‘Not politics, corruption’: Russian officials comment on economy minister’s detention
The head of the upper house’s International Relations Committee, Aleksey Pushkov, was among the first to react on the news of Aleksey Ulyukayev’s detention, released by Russia’s law enforcement agency for high-profile cases, the Investigative Committee.
“The experience of several regional governors and now also of a prominent minister shows that bribery is becoming a very dangerous business in Russia. Russian roulette,” Pushkov tweeted.
The senator then commented on a tweet about Ulyukayev case by former US Ambassador to Russia Michael McFaul. The former US diplomat wrote that the news was “shocking” and “sounded political,” to which Pushkov replied that hints about a political nature to the case were unfounded.
“A $2 million bribe is not politics, it’s corruption,” Pushkov tweeted.
Макфол в шоке: говорит - Улюкаев либерал, друг Гайдара! Намекает на "политич.причины". Но взятка в 2 млн.долл. - не политика. Это коррупция.— Алексей Пушков (@Alexey_Pushkov) 15 ноября 2016 г.
State Duma MP and former Chief Prosecutor of Crimea Natalya Poklonskaya commented on the news in the same way, praising the law enforcers’ consistent anti-corruption efforts.
“The detention of a civil servant of the highest rank is yet another confirmation of the official position of our state: there are no ‘untouchables’ in Russia. Everyone who chooses a criminal path must understand that sooner or later everything that is hidden will become public,” Poklonskaya wrote on her Facebook page.
However, the former prosecutor also warned against hasty conclusions in the case and wrote that the final decision would be made by the court.
State Duma Speaker Vyacheslav Volodin called the charges pressed against Ulyukayev “very serious,” but added that only the court can have a final say over the issue.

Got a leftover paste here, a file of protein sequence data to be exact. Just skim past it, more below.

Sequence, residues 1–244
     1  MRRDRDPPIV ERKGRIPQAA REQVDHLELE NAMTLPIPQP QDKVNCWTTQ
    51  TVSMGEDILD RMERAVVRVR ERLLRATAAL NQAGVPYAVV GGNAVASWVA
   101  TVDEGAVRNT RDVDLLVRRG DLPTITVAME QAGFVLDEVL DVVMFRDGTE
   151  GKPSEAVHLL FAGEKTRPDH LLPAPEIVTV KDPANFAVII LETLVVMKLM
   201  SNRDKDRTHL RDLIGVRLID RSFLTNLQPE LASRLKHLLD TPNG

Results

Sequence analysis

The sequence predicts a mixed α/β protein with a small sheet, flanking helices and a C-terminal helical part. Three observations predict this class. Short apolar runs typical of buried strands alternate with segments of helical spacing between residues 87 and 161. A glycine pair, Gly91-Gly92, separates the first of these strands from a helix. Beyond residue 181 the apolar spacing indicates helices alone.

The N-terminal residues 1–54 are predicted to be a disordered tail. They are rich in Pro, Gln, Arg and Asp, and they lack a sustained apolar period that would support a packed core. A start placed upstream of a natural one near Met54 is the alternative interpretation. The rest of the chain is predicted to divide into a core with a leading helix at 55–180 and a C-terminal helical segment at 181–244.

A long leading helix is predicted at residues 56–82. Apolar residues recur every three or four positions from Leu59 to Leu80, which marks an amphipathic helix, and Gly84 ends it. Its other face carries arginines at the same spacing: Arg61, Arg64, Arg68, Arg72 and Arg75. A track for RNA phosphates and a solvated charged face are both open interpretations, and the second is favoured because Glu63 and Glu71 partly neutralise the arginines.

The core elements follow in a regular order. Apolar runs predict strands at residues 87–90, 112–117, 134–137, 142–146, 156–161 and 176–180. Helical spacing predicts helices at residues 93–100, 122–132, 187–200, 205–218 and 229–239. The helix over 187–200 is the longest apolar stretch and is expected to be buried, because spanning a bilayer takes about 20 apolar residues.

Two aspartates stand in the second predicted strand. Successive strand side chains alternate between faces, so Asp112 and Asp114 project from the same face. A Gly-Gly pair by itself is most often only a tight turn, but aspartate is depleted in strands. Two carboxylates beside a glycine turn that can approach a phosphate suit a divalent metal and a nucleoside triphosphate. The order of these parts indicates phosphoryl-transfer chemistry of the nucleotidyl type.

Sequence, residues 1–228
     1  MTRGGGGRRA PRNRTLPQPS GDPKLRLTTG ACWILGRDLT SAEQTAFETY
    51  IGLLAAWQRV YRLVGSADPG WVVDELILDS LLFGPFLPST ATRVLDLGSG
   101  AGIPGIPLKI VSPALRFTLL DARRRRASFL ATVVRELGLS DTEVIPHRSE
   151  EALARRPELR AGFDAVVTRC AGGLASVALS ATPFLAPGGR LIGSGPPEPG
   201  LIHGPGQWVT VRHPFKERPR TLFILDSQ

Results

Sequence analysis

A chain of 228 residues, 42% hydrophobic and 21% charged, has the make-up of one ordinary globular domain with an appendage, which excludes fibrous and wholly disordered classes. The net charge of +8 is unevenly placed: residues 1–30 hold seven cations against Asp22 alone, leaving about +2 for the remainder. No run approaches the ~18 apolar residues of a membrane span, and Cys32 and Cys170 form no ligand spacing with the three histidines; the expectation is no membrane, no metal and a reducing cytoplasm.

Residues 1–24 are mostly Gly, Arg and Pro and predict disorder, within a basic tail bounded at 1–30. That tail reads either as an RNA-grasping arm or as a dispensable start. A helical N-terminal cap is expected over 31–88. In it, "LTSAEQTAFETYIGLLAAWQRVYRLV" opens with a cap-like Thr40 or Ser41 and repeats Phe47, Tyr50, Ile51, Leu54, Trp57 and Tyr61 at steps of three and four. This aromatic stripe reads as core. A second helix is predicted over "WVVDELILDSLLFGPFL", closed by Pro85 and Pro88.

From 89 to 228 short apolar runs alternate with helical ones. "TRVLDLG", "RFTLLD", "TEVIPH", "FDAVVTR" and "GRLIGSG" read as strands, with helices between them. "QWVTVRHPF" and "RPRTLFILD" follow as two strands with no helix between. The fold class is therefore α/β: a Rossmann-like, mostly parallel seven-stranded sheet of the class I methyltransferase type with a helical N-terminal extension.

“It is absolutely clear that everyone is equal before the law. But let’s wait till the court passes its verdict before making any of our own. The investigation is continuing and it is unacceptable to meddle with its actions,” Volodin said.
The head of Russia’s largest opposition party, Communist leader Gennady Zyuganov, used the news as an excuse to reiterate his demand of an urgent dismissal of the government.
“The fact that a minister of such level has been detained over bribery is unprecedented from both moral and political standpoints,” Zyuganov said, adding that he had personally demanded that Ulyukayev be fired at least 10 times and sought to cancel the government’s plans of major privatization because of their corruption potential.
The Communist chief also noted that the scandal in which a federal minister is reportedly accepting bribes right in his main office could have been evaded if lower house lawmakers were given more powers to exercise control over the government.
Business Ombudsman Boris Titov noted in press comments that previously no one could associate Ulyukayev with corruption, but if investigators prove the minister’s complicity in bribery, then he should not be excused.
“Ulyukayev’s views were set at the development of the economy and we had certain hopes on his position. Nevertheless, if investigators and the court prove him guilty, this would be inexcusable,” Titov was quoted as saying by RIA Novosti.
Another prominent pro-business official, the head of the Russian Union of Industrialists and Entrepreneurs, Aleksandr Shokhin, said that he had strong hopes that Ulyukayev would defend himself and even return on his post.
Shokhin said that the news of the minister’s detention reminded him of the scandal with another senior government official – Deputy Finance Minister Sergey Storchak. Storchak was detained on corruption charges in 2007 and was under investigation for a long time but eventually the charges were lifted and he returned to the cabinet.
However, Shokhin admitted that it was difficult for him or anyone else to understand what was really going on in Ulyukayev’s case.